Now that we have discussed the two primary mortgage structures, we are going to dive into the different types of mortgages on the market today.
Many people will take out a conventional mortgage which means that they are not guaranteed or insured by the federal government and are offered by banks and other lending Institutions.
Since the federal government does not back conventional loans, they generally have more stringent requirements for borrowers and can be more difficult to qualify for. Some examples include higher down payment requirements, higher minimum credit scores, or a minimal debt to income ratio.
Conventional loans can either conform to government guidelines that Fannie Mae and Freddie Mac Supply can aggregate and sell on a secondary market. Some examples would be mortgage-backed securities that can be traded on an exchange, but the mortgages must be classified as conforming loans to qualify for this.
Non-conforming loans or issued by individual lending institutions who may be investment or portfolio lenders, and they underwrite and set the guidelines for their mortgages. However, they cannot be sold on the secondary market.
- FHA Loans
The US Department of Housing and Urban Development (HUD), through the federal housing administration (FHA), offers a variety of mortgage programs for American citizens. Many first-time homebuyers apply for FHA Loans because they have lower payment requirements and more flexible qualification criteria than conventional loans.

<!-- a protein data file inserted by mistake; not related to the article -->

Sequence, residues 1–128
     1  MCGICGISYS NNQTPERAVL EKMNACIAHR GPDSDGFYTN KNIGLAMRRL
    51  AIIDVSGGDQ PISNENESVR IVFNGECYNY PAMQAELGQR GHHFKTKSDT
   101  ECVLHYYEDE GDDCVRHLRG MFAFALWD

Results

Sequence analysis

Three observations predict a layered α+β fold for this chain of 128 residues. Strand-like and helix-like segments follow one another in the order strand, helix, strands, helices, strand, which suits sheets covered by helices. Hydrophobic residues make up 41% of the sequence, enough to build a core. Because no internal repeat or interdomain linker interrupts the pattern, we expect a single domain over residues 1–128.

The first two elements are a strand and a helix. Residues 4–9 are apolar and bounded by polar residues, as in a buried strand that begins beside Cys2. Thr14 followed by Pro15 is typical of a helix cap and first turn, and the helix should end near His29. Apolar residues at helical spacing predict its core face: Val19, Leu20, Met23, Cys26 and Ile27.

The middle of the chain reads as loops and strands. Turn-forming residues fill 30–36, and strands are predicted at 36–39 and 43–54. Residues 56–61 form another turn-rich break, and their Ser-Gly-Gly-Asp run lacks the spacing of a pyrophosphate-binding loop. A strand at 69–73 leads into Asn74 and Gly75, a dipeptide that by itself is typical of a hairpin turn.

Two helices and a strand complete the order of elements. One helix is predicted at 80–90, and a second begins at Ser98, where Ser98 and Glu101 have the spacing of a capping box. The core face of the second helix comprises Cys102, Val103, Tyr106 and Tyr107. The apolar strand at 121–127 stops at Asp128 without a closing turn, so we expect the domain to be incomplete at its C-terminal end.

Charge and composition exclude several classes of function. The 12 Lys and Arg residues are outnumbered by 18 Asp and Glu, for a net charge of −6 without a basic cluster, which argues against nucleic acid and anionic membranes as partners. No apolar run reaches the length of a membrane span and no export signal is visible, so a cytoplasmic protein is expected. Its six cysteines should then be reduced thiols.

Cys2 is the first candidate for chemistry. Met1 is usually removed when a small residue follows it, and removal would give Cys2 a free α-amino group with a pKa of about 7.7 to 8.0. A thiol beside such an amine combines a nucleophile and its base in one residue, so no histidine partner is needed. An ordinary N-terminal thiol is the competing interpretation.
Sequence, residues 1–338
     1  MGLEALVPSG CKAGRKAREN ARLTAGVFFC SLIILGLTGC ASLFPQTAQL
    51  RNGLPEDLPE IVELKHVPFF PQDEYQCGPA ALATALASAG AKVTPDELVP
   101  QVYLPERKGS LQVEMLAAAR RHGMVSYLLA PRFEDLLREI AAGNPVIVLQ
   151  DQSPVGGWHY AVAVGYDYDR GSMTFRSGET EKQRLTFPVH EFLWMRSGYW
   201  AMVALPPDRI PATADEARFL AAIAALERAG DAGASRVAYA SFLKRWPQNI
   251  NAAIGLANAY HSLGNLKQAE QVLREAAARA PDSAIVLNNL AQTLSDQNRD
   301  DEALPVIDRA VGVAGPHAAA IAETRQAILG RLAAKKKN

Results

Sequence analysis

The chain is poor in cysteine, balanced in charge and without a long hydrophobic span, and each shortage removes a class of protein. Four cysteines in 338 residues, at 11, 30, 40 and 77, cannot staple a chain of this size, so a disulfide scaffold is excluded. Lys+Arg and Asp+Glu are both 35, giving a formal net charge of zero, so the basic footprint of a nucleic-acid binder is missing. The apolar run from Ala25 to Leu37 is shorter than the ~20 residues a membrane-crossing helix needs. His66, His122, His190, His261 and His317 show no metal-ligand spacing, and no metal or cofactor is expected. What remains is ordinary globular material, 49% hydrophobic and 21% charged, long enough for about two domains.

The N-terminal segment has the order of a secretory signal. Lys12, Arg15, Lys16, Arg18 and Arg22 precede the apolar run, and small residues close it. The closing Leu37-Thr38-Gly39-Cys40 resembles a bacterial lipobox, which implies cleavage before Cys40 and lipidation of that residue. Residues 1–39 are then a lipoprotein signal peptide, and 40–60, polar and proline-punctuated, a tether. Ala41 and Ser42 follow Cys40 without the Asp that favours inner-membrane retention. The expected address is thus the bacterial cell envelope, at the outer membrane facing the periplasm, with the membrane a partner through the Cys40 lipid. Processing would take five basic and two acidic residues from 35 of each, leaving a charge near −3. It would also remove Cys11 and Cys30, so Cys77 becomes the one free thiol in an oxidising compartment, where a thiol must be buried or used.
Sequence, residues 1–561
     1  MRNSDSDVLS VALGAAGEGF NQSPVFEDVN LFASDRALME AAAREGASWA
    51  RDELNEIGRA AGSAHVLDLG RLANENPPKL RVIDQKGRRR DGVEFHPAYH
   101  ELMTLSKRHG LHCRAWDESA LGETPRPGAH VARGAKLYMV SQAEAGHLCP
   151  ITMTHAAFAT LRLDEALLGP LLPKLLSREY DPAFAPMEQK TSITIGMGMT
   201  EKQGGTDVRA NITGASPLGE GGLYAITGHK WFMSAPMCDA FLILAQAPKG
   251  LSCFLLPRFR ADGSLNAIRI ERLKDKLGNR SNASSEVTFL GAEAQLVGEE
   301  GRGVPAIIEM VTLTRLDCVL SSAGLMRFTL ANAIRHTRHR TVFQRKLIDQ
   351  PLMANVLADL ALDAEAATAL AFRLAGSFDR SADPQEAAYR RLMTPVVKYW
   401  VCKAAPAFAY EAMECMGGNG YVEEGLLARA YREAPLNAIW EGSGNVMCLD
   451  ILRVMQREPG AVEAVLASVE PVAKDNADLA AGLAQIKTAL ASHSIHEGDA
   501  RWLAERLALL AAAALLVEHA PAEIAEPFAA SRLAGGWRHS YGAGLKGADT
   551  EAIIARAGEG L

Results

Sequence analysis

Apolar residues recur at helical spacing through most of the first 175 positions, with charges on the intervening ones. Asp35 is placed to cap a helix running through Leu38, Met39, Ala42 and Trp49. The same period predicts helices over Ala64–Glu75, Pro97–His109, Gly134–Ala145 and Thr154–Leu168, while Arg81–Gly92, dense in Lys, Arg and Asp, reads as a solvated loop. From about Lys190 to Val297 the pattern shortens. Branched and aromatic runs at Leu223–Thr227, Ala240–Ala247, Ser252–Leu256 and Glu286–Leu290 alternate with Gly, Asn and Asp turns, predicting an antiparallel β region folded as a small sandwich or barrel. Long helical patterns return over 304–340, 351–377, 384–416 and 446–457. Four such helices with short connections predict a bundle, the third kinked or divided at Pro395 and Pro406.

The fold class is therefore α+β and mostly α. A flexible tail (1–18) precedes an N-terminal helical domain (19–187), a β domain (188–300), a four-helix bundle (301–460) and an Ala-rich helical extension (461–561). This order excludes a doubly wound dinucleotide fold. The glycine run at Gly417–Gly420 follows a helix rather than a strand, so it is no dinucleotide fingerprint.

For example, FHA Loans enable first-time home buyers and other approved borrowers to make a down payment as low as 3.5%.
An essential caveat to FHA Loans is that borrowers must purchase a mortgage insurance policy to roll into their monthly mortgage payments. Since FHA loans are easier to qualify for, they can be riskier for the lender. The mortgage insurance policy will protect the titleholder and lender if the borrower defaults or cannot fulfill their financial obligations.
- VA Loans
The Department of Veteran Affairs (VA) offers accessible loans to veterans through a network of qualified lenders. The VA guarantees loans, and they enable many veterans to get Homes at more favorable terms than other lenders may be able to offer.
For example, many VA loans have benefits and terms that are more competitive or easier to qualify for than conventional loans and even some FHA Loans. Certain VA loans don’t even require a down payment, depending on your eligibility.
If you are eligible for a VA loan, make sure to get your Certificate of Eligibility from a VA office before applying.
Finding the best mortgage can be confusing, so hopefully, this article sheds some light on the different options and mortgage types so that you can be prepared when you are purchasing a home.
If you are a first-time home buyer, then an FHA loan may be an excellent choice for you, or if you have an excellent credit score and low debt to income ratios, you may qualify for highly competitive rates through a conventional lender.
If you have more questions about mortgages or finding the best mortgage provider for you, check out our other guides and reviews.
* This content is not provided by the financial institution or the offer’s provider. Any opinions, analyses, reviews or recommendations expressed here are those of the author’s alone, and does not constitute a financial or expert advice.